UT-Austin Issues Strong Defense of Humanities

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John Willingham is a regular contributor to HNN.  He has an MA in American social/intellectual history from the University of Texas at Austin.  He is the author of The Edge of Freedom, A Fact-Based Novel of the Texas Revolution.  http://edgeoffreedom.net

Under attack from critics who want to apply market-based principles to public universities in Texas, the University of Texas at Austin issued a report on July 6 that strongly defends the humanities and chides marketing proponents for trying to impose rigid and simplistic solutions on higher education.

“The higher education experience is not akin to shopping on iTunes or visiting Banana Republic,” the report says.  Called “Maintaining Excellence and Efficiency at the University of Texas at Austin,” it is the work of Randy L. Diehl, Dean of the UT College of Liberal Arts, with assistance from the executive leadership team at the College.

“Curricula are based on the wisdom of traditional educational experience, accrediting agencies and state requirements—not simply the momentary wants of the consumer.”

Some of the most strident critics, including Jeff Sandefer, who has operates a private MBA school, and Richard Vedder, the director of the business-oriented Center for College Affordability and Accountability, have derogated the value of humanities research.

Vedder repeatedly derides the large number of articles written about William Shakespeare.  Claiming that there are 21,000 articles on the Bard, Vedder asks, “Wouldn’t 5,000 have been enough?”

The report responds directly to Sandefer, challenging his “suggestion that specialized academic articles with limited readerships lack real value.  This outlook could affect scholarship in such fields as mathematics, natural sciences and social sciences in which seemingly narrow findings have the potential to change human understanding.

We are especially concerned it will inhibit research in the humanities and we take issue with the idea that the value of research can be judged by its immediate impact or reduced to a monetary figure.

Historians, philosophers and economists from the Greco-Roman periods through Voltaire, Hume, and Adam Smith, for example, all influenced the American founding fathers. These scholars’ impact was not fully known for decades or centuries, just as the value of much of today’s scholarship can’t be measured immediately.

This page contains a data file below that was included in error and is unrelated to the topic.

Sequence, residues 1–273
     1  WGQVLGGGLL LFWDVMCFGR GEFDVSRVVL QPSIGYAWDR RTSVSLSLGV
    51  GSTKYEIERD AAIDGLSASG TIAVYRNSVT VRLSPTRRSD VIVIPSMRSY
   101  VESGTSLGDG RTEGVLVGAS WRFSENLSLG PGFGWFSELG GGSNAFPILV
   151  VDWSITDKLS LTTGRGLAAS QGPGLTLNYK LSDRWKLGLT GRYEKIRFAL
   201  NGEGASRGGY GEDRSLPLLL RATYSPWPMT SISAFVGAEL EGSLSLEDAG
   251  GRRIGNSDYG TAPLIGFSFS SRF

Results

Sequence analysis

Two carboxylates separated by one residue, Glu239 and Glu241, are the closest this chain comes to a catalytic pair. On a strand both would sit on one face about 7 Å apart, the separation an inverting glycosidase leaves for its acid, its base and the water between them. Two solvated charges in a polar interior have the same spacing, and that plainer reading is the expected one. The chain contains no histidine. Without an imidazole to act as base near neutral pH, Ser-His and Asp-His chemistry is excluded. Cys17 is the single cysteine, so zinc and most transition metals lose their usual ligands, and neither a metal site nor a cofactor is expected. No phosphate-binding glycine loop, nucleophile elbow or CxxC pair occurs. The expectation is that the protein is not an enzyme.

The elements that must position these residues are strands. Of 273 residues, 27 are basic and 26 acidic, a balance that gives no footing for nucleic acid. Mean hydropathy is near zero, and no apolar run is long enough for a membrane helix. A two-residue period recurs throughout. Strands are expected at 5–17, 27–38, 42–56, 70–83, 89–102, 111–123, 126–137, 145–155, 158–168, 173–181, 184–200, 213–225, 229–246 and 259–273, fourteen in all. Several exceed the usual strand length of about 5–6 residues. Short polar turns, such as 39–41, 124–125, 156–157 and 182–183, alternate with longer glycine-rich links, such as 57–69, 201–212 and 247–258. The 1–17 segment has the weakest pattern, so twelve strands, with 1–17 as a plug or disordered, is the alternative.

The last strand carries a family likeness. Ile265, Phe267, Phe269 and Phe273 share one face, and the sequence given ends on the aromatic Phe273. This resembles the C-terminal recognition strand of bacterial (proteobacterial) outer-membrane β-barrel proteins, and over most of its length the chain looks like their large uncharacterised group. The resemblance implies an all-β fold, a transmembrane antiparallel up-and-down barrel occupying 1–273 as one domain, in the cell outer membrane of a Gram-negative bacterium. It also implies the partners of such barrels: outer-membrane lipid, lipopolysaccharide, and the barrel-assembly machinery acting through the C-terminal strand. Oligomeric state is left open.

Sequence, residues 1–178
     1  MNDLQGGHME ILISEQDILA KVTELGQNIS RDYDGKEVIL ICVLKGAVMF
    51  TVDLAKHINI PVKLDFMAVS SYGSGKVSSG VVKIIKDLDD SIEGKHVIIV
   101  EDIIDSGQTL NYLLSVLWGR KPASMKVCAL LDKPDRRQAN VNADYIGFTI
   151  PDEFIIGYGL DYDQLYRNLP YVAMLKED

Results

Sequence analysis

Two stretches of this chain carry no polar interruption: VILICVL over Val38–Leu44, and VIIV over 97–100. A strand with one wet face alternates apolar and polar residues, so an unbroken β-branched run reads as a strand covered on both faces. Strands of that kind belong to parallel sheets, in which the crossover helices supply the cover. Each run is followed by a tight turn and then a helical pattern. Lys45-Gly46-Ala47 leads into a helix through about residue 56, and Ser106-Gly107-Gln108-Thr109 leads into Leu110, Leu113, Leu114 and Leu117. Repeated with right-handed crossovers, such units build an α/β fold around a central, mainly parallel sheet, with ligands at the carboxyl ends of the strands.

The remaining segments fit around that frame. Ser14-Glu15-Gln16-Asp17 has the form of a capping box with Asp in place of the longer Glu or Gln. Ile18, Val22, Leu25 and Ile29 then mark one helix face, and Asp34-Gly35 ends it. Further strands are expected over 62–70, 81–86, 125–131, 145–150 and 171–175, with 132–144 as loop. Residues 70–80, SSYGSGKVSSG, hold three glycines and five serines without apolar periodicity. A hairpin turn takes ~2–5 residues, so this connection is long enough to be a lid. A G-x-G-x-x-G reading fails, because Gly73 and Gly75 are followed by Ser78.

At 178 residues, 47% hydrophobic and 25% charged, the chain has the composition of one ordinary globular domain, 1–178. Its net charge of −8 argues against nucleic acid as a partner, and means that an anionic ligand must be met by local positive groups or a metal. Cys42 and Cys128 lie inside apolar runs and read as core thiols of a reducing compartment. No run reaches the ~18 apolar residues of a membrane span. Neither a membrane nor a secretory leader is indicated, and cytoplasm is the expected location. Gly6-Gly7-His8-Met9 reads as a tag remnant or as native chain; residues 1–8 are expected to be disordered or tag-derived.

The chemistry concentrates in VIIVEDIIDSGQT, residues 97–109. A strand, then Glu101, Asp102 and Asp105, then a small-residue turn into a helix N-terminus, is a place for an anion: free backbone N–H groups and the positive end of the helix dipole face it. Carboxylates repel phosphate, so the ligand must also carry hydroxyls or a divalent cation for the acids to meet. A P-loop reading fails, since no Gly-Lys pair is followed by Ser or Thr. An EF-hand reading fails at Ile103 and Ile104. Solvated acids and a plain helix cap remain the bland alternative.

Only rarely is the effect of historical scholarship as rapid as it was for David Oshinsky, a UT historian and author of Polio: An American Story, which won the Pulitzer Prize for history in 2006.  The book helped spur the Bill and Melinda Gates Foundation to allocate $200 million towards eradicating the disease worldwide.

But Oshinsky had already been a publishing scholar for almost twenty years by the time Polio was published.  Even UT’s current critics might credit a Pulitzer Prize-winning book with “value,” but what about his 1983 book,A Conspiracy So Immense: The World of Joe McCarthy? The critics likely would have downplayed or even ignored that book’s immediate impact, but what if Oshinsky’s immersion in the history of the forties and fifties, while working on the McCarthy book, was what guided his later research toward the history of polio?

If market measures had been applied to this scholar’s “productivity” at some early point in his career, he might not have had the resources or time to produce the work that will help change the course of a killing disease throughout the world.

The UT report not only defends the humanities, but argues that efficiency and productivity in a university cannot be disconnected from quality.  Using business parlance, the report says the “bottom line” for UT-Austin is to provide “a first-class education while spending our resources responsibly and efficiently.  Separating those two goals is like separating research from teaching:  it serves the wrong bottom line.

Similarly, treating students as customers, offering them a ‘product’ designed to win positive reviews and then rewarding the most popular instructors will neither challenge students in meaningful ways nor foster the deep learning and skills they will need throughout life.

“The classroom is not a marketplace,” the report concludes.

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